In relation to the question whether the rules established by FIFA concerning the exploitation of sports rights are compatible with Articles 101 and 102 TFEU, the Advocate General considers that, if a restriction of competition can be shown, it should then be examined whether that restriction is inherent in the pursuit of a legitimate objective and proportionate thereto, or whether the restrictive conduct satisfies the conditions to benefit from an individual exemption or the restriction is objectively justified. (159) The Advocate General points out that football is characterised by an economic interdependence between the clubs, and therefore the financial success of a competition is primarily dependent on a degree of equality between the clubs. The redistribution of the revenue from the commercial exploitation of the rights arising from sporting competitions meets that objective of ‘balance’.
The Advocate General is of the view, finally, that, notwithstanding the fact that the rules at issue in the main proceedings which provide that the setting up of a new pan-European interclub football competition is to be subject to a prior approval scheme are liable to restrict the provisions of the FEU Treaty relating to the fundamental economic freedoms, such restrictions may be justified by legitimate objectives related to the specific nature of sport. In such a context, the requirement of a prior approval scheme may prove appropriate and necessary for that purpose, taking into account the particular characteristics of the planned ompetition.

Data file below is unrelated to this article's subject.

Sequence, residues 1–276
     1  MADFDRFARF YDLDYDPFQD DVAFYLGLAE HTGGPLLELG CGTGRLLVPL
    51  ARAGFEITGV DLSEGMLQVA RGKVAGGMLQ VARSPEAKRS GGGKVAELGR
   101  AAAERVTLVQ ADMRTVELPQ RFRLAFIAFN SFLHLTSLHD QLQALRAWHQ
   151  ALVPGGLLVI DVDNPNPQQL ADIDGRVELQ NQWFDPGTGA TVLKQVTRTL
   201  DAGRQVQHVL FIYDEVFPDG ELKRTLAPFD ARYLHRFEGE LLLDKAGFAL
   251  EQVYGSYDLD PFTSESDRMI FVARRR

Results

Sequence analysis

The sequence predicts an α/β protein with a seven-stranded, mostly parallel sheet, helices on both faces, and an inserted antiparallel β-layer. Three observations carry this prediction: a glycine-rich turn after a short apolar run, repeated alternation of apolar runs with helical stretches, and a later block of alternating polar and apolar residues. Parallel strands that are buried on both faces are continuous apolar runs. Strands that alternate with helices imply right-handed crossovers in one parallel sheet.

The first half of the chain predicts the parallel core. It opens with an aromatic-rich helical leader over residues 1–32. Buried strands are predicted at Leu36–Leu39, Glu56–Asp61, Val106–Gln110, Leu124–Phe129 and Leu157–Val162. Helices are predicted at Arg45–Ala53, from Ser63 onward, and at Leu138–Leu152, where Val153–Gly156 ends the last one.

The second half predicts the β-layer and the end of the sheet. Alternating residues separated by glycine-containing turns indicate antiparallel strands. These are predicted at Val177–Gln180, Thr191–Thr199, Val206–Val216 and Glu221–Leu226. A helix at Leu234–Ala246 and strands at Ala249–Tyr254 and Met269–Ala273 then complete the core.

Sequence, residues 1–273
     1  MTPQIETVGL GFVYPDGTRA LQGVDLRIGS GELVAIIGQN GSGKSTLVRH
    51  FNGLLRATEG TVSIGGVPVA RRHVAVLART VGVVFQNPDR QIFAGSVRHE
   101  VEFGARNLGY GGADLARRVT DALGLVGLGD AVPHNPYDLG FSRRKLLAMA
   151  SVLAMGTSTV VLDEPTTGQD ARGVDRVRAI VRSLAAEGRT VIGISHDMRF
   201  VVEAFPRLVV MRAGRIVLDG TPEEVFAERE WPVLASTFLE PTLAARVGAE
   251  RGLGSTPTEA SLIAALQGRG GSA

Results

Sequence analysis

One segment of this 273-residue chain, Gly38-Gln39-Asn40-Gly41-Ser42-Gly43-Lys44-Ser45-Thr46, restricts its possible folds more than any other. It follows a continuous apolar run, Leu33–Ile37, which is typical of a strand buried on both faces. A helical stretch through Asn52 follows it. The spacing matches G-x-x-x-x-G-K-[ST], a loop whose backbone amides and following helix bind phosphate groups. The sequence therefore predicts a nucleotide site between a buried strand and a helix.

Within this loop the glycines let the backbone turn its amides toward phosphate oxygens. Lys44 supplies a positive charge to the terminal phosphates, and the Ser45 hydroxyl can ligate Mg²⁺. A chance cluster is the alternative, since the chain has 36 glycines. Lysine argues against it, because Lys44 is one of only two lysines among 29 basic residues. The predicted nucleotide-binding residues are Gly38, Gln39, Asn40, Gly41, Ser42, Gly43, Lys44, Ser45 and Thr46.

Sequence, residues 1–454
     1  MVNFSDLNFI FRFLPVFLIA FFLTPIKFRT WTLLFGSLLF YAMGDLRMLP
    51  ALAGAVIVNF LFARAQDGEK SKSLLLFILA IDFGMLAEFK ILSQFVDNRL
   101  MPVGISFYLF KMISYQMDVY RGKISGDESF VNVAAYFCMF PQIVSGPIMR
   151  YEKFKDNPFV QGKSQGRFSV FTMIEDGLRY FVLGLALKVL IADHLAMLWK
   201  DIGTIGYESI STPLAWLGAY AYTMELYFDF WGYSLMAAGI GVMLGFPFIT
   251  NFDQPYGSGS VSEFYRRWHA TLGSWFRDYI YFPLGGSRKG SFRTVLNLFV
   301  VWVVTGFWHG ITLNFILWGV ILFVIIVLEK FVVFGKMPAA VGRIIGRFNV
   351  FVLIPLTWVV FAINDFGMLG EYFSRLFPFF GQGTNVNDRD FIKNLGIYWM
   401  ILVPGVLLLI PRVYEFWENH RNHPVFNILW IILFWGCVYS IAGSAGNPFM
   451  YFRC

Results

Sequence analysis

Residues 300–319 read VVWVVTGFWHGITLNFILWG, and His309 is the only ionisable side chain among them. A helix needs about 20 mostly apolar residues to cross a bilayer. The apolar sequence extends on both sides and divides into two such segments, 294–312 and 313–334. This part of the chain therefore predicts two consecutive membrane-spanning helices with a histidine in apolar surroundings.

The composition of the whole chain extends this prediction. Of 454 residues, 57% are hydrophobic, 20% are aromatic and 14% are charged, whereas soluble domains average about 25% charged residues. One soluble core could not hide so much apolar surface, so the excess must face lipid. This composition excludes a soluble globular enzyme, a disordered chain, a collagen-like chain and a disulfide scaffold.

NOTE: The Advocate General’s Opinion is not binding on the Court of Justice. It is the role of the Advocates General to propose to the Court, in complete independence, a legal solution to the cases for which they are responsible. The Judges of the Court are now beginning their deliberations in this case. Judgment will be given at a later date.
NOTE: A reference for a preliminary ruling allows the courts and tribunals of the Member States, in disputes which have been brought before them, to refer questions to the Court of Justice about the interpretation of European Union law or the validity of a European Union act. The Court of Justice does not decide the dispute itself. It is for the national court or tribunal to dispose of the case in accordance with the Court’s decision, which is similarly binding on other national courts or tribunals before which a similar issue is raised.